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Using the Domain Objects Persistence Pattern in .NET

Domain application objects are usually central to the entire application and used by most subsystems. They represent the core data and business validation rules; therefore, good domain object design is critical for robust, high performing, yet flexible applications.

hen developing object-oriented applications that use relational databases, creating a domain object design that's consistent with the database design makes applications easier to understand, because domain objects typically represent real-life "entities" and their relationships with each other. Therefore, in many situations, the domain objects are "mapped" to the relational database tables and relationships between tables. However, it is very easy to get this mapping wrong and end up with an undesirable domain object design. A good design for domain objects requires developers to have a solid understanding of object oriented and relational fundamentals.

The Domain Objects Persistence pattern attempts to provide a mapping to relational databases that decouples the domain objects from the persistence logic. In this pattern, the domain objects themselves are unaware of the persistence mechanism, because the dependency is only one-way (from persistence objects to domain objects). This simplifies the domain objects' design and makes them easier to understand. It also hides the persistence objects from other subsystems in the application that are using the domain objects. Even better, the pattern also works in distributed systems where only the domain objects are passed around, thus insulating the application from exposing the persistance mechanism to outside code. This article shows you how to incorporate the Factory pattern into the Domain Objects Persistence pattern to help decouple domain objects and persistence logic.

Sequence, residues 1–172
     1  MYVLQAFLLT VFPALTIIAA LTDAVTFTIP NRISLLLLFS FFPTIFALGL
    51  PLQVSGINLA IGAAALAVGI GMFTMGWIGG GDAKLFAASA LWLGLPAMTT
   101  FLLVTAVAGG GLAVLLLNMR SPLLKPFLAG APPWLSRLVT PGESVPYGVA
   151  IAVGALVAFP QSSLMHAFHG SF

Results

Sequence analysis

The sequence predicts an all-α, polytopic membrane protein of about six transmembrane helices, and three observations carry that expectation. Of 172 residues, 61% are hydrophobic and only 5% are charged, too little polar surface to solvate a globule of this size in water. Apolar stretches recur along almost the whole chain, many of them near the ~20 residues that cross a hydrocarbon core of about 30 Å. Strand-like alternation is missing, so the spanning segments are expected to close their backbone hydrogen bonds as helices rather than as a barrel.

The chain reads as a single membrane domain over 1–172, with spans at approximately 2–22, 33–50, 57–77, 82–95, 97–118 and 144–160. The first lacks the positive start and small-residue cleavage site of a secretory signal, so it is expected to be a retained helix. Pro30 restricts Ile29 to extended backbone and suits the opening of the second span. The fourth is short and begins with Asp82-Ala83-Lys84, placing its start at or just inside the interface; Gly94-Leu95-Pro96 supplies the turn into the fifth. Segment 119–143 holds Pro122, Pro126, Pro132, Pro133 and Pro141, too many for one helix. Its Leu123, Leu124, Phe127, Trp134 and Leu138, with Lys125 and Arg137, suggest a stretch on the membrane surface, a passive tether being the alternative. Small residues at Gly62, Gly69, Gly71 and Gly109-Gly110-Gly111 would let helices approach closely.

Defining the Problem
Domain objects form the backbone of any application. They capture the core data model from the database and the business rules that apply to that data. Typically, most subsystems of an application rely on these common domain objects—meaning that the more closely the domain objects map to the database schema, the easier it is for application developers to understand and use them because they mimic the real-life "entities" and "relationships" represented in the database.

When domain objects are not separated from the rest of the application, you often end up with duplicated persistence code in multiple locations. Similarly, when domain objects are not separated from the persistence code, you'll face situations where any subsystem using the domain objects must also know and depend on the persistence objects. Any change in persistence objects necessarily affects the entire application; hence, failing to separate domain objects from the application and the persistence code is a bad design.

Defining a Solution
One way to achieve the above-mentioned goals is to separate the domain objects into a separate subsystem and let the rest of the application use them whenever it needs domain data. Additionally, you should separate domain objects from the persistence code. On one hand, this double-decoupling avoids code duplication, and on the other it hides the persistence details from the domain objects, creating a flexible design that's easier to change. The domain objects and the rest of the application are totally unaffected whether the data comes from a relational database, an XML file, a flat file, Active Directory/LDAP, or any other source.

In separating persistence logic from domain objects, you must ensure that the domain objects have no dependency on the persistence code. Doing that allows you to expose the domain objects even in environments where you don't want to expose the persistence code.

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